You might remember Meg Mathews as an icon of the nineties Brit Pop scene, but now we know her as an ambassador for women in menopause. On the podcast today I have a very open and frank discussion with Meg, about her journey to becoming the face of menopause in the UK. I think you will find this podcast quite refreshing. Meg is a very warm and kind person, she genuinely wants women to feel supported.
From her accent, most people think Meg is from the East End of London, when in fact she grew up on the small island of Guernsey, before moving to South Africa. For 5 years she lived on a wine farm owned by her parents in Stellenbosch, before eventually moving back to the UK to attend a Quaker boarding school in Oxford. At school Meg was an accomplished athlete, which made her transition from her life through apartheid in South Africa, to this posh boarding school so much easier. After leaving school she headed to London living on the streets, before evolving as a PR in the fashion world.
It’s clear to me, during the interview with Meg, that she is somewhat of a renaissance woman, the ultimate entrepreneur. Her career moves from the fashion world, to being an aerobics instructor during the 80’s, to representing some of the biggest names in the British pop scene. She credits this to being in the right place at the right time, but it’s easy to see that she has a strong element of grit and determination behind her.
She is not shy to talk about her rock n’ roll lifestyle either. She partied hard and tried many drugs during the 90’s and was warned that these might have lasting impacts on her health. So when she was blasted with terrible menopause symptoms she assumed it was because of her hard partying of her past.
Meg never shared her struggles with anyone (sound familiar ladies?) She had no idea what was happening to her, and was scared to tell anybody. This saw her isolating herself inside her home for 3 months, she told people she had glandular fever, but really was crippled with social anxiety on the verge of a nervous breakdown. Most of her days were spent in bed binge watching telly and eating comfort food, while putting on a brave face for her daughter, who was sitting her final exams at school.
Luckily for Meg, she had a fantastic gynecologist who recognised these were symptoms of perimenopause, and was prescribed both HRT and antidepressants. Meg then sat down with her family and work colleagues to explain what was happening and despite the inevitable eye rolls that accompany the conversation of menopause, she was able to be open and honest with them.
Moving into postmenopause, Meg’s anxiety remained, despite the treatments from the doctor, everything still felt too much for her. She started to self-medicate with alcohol to numb this feeling, but remained as flat as a pancake. She was overwhelmed with feeling ill all the time, she was sick of being sick.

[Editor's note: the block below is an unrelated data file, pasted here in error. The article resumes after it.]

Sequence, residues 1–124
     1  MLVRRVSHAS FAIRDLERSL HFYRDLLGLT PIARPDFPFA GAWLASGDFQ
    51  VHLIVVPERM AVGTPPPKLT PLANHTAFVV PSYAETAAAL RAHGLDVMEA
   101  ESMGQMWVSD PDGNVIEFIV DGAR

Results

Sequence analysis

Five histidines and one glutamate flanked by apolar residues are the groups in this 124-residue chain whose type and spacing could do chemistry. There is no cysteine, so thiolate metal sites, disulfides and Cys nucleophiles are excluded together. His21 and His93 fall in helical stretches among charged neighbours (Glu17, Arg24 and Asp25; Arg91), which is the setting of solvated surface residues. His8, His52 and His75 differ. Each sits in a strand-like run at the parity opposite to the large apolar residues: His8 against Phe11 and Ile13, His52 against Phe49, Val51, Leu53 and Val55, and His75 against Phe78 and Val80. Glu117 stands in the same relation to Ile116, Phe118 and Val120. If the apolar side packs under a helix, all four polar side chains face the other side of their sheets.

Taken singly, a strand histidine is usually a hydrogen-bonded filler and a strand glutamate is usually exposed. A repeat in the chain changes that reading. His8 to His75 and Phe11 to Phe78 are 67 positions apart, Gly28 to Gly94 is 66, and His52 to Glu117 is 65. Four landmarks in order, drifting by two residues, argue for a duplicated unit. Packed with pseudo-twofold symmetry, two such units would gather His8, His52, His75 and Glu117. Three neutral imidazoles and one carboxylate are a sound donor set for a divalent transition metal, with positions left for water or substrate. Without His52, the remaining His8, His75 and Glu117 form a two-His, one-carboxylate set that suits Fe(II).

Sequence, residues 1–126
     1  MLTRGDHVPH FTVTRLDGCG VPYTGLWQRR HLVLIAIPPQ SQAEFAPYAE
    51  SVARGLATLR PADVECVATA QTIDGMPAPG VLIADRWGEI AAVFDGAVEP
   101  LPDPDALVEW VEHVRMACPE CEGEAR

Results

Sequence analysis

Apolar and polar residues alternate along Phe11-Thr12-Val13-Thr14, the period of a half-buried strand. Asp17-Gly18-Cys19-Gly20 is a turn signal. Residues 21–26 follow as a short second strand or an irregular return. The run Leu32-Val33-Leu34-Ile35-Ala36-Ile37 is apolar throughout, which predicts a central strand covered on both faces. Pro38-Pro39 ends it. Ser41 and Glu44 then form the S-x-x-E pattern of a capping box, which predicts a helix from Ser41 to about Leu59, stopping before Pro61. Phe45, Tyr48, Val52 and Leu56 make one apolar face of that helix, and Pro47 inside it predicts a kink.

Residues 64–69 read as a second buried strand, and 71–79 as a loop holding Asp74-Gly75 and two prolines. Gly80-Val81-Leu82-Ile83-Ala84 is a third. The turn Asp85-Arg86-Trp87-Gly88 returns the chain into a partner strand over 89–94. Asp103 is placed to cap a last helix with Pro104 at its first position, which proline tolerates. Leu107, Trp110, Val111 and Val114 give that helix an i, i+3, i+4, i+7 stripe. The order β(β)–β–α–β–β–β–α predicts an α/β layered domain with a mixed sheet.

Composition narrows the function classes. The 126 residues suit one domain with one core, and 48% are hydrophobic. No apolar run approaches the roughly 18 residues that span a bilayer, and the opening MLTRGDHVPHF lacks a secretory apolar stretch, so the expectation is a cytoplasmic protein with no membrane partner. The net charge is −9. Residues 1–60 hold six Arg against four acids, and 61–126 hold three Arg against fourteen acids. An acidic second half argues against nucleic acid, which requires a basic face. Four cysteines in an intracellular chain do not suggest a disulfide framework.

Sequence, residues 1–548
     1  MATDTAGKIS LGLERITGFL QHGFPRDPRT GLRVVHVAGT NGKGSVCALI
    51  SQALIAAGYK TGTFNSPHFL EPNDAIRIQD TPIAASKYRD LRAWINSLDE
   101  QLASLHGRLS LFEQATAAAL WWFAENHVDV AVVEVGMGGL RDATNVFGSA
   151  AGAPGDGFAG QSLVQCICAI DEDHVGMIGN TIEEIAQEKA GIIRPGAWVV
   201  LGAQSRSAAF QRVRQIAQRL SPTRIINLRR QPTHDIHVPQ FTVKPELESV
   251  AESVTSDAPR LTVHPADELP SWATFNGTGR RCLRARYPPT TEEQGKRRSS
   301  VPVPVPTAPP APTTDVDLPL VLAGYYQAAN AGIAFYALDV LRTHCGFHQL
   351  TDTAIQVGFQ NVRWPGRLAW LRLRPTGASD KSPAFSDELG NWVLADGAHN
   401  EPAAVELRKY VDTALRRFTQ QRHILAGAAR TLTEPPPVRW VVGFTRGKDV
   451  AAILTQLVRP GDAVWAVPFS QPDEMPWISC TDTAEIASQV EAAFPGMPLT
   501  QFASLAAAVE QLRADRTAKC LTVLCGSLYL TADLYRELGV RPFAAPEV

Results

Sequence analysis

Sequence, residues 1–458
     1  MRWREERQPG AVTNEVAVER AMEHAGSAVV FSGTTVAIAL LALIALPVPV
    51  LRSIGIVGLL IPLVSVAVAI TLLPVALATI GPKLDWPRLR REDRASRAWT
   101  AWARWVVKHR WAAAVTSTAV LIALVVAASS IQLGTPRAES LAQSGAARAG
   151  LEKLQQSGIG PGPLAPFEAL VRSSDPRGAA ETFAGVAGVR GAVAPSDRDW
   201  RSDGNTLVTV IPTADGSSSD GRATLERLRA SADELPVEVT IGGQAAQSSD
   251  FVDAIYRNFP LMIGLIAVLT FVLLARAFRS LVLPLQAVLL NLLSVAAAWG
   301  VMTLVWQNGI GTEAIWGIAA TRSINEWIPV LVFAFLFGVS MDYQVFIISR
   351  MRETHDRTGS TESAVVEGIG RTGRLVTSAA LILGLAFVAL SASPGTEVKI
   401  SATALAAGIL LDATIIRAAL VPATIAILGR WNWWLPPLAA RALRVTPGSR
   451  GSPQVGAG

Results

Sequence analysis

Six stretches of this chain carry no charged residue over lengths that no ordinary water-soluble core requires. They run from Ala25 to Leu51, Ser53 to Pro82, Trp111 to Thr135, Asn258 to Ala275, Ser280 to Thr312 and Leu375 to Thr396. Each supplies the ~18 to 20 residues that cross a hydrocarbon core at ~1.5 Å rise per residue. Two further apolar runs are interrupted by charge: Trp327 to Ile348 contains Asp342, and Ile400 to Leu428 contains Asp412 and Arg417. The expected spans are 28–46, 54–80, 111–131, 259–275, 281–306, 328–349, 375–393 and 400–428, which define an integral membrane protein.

Talking really helped her. She started to share her woes with girlfriends, and started to realise that all women go through menopause differently, and often they are left confused. She now wants to help all women, especially young women, so they can be prepared for what lays ahead. She wants women to know that 1-in-1000 under 30’s will go through early menopause, that some women will be forced into immediate menopause from cancer and surgery. Every woman deserves information.
When Meg tried to become educated on the matter, she was faced with personal challenges from herown ADHD and Dyslexia. Poor concentration and challenges with reading, left her unable to absorb all the information in books, so she decided to create a more visual representation of her journey of menopause. Using her website and social media to create educational resources that don’t overwhelm women.
And she is not shy about tackling any subject, in fact she looks to find the shock factor which makes people stop and pay attention. So whether it’s about vaginas, sex or tits, there is no subject that is TMI!! And women seem to love her straight talking approach to this usually taboo subject.
Once Meg started talking about menopause, the media in the UK started to take notice. She had made this subject accessible to all women. Her next steps are to take this to a grassroots level, creating localised meetings for women who want to share their experiences with others in a similar situation, as Meg recognises the importance of open conversation.